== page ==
New Greenhouse Finally Finished – New Raised Bed

The weather was supposed to be dry and, most importantly, the winds low so arranged some help from friends and my son-in-law to finally get the new greenhouse glazed

Eden Burford Greenhouse

The completed Eden Burford Greenhouse – it’s even got glass! Note the windbreaks to either side and the frame of the previous greenhouse that blew down on the right. The black bar-capping holding the glass in looks rather smart as well as being very sturdy.

On the day, the wind was dead calm – hardly moving a thin branch on the willow tree. Better still it was sunny although we had a few showers in the afternoon. I thought it would take a couple of hours, maybe three, but it took five in the end.

The glass went in smoothly enough and the bar capping is not only a lot sturdier than W clips, it’s faster to fit. But there were some delays… The first was finding I’d put one of the door jamb supports the wrong way round. It didn’t take long to dissemble and rebuild properly but annoying all the same. I felt a right nit-wit!

The zero-threshold door sliding mechanism has changed. It’s actually simpler than it was to fix but the instructions are as clear as mud. For some reason it’s ended up a couple of millimetres lower than the old door so was very hard to slide. The draft-proofing brush at the bottom was holding it by dragging on the floor. After much fiddling and use of Anglo-Saxon we just pulled the brush out. Problem fixed!

Anyway, many thanks to friend Jon, son-in-law Gary and our great neighbour and friend Clive who sorted the door.

Still to do: fit it out, run power in and set up water butt. It’s been a crazy long haul but we’re nearly there now.

New Raised Bed

Gardenskill Raised Bed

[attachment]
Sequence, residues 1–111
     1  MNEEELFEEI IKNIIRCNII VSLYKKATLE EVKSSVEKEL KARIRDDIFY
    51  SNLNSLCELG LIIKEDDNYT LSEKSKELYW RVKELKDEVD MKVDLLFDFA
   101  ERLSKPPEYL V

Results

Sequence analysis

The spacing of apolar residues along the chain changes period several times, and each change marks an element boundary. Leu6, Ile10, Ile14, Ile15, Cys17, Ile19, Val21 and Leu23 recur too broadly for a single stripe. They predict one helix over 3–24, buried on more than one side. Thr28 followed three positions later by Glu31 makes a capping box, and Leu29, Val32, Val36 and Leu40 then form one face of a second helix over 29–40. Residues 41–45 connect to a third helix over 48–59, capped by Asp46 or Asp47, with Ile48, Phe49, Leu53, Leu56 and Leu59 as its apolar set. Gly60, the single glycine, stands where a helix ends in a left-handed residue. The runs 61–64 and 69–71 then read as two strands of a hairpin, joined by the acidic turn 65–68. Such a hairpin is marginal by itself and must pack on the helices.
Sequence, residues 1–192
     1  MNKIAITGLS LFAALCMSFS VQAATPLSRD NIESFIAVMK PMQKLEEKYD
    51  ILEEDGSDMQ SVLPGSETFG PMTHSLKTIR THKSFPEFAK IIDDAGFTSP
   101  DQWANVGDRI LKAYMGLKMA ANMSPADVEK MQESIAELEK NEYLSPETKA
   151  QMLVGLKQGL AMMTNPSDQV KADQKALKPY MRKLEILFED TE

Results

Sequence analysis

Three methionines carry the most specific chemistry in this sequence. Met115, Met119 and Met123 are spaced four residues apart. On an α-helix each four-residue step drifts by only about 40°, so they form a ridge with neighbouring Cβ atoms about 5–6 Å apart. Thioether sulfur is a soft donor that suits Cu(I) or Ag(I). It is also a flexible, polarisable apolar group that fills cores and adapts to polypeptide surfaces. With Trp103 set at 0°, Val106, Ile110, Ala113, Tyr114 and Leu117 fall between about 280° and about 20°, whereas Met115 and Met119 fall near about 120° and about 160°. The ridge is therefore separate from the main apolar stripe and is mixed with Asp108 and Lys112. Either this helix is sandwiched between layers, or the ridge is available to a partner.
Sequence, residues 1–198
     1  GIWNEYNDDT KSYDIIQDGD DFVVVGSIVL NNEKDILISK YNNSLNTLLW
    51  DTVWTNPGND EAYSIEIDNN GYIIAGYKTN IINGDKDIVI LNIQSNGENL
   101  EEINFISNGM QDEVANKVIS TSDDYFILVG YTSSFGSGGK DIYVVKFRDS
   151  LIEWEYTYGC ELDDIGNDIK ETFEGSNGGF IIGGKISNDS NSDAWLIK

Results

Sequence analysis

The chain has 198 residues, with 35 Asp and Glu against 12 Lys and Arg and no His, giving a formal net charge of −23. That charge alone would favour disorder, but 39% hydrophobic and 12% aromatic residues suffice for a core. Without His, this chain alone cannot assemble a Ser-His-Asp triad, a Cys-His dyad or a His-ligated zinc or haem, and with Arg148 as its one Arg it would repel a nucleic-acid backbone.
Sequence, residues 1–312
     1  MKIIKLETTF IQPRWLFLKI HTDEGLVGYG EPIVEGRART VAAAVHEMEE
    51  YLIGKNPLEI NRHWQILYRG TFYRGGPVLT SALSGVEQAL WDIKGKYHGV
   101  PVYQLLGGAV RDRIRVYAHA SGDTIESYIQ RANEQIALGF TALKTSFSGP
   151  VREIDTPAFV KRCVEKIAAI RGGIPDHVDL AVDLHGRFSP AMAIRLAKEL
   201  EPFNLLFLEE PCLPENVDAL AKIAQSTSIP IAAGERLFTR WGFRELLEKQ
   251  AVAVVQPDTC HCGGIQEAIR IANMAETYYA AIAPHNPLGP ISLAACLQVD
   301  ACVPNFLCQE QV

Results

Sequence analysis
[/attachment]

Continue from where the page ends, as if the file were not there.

Gardenskill Raised Bed in the Polytunnel

I’ve been a bit of a fan of link-a-bord for many years. An easy way to build a durable, raised bed in minutes. However, I’ve found a better raised-bed building system at

Their raised-bed system is made from weatherproof recycled plastic and comes in an attractive dark green, which looks very natural in a garden. They’re double-walled which adds strength but also insulates, keeping the soil a little warmer. Assembly is a doddle, a matter of a couple of minutes.

The beds come in two heights, 150 mm and 250 mm. I find the 250 mm height much better than the 150 mm. You can stack the beds for a 300 mm or 500 mm high bed. Even three tier beds are possible. Where these beds score is in the rounded tops. Not only do these look well, they lock the tiers together creating a very stable bed.

There’s a huge range of sizes available from 1 metre square to 5 metres by 1.25 metres. I’ve gone for a 1.25 metre square bed, 250 mm deep raised bed in the polytunnel for early potatoes followed by leeks. If you want they can build bespoke beds for you as well. They come with a 3 year warranty but I’d be surprised if they don’t last at least 5 times that.

Having had one bed, I’ve recommended them to my daughter for her garden which she’s gradually getting into shape. It’s covered in slate waste which grass has taken over. Despite that the drainage is poor. So the plan is for a raised bed border along the side, anchored with a deep planting box. It should look well and be very productive. More on this in the near future.

Posted in Allotment Garden Diary
4 comments on “New Greenhouse Finally Finished – New Raised Bed
  1. Anna Scamans says:

    Huzzah!!! The greenhouse is glazed! Here’s hoping the winter treats it kindly. 🙂

  2. Anne Thorn says:

    That looks very good. We have been given an old green house which we dismantled and refixed in our garden. Only thing we broke was the little green plastic piece that fits on the gutter end to catch rainwater. As ours is so old there is no makers mark so attempts to find replacements have been fruitless. It doesn’t look like your Eden Burford. I bought a pair from Amazon, no chance, so any advice would be appreciated.

  3. Beulah TAYLOR says:

    Hi, John. Sorry to hear about your back. Hope it’s doing better soon. I just love your greenhouse! Ours is made with a metal frame covered with reinforced plastic. I’d be a bit nervous with a glass one in our area. We’re in the ‘wreckhouse wind’ area of Newfoundland. Around here no one looks up if the wind is less than 120 kph.!

    • John Harrison says:

      Hi Beulah – my polytunnel (plastic skin over metal hoops) is the toughest in the wind but the toughened glass greenhouse is better in the winds than polycarb. 120 kph – pretty windy! Mind you, we’ve hit the 100 mph (160 kph) gusts – as I expect you have. Pretty scary.

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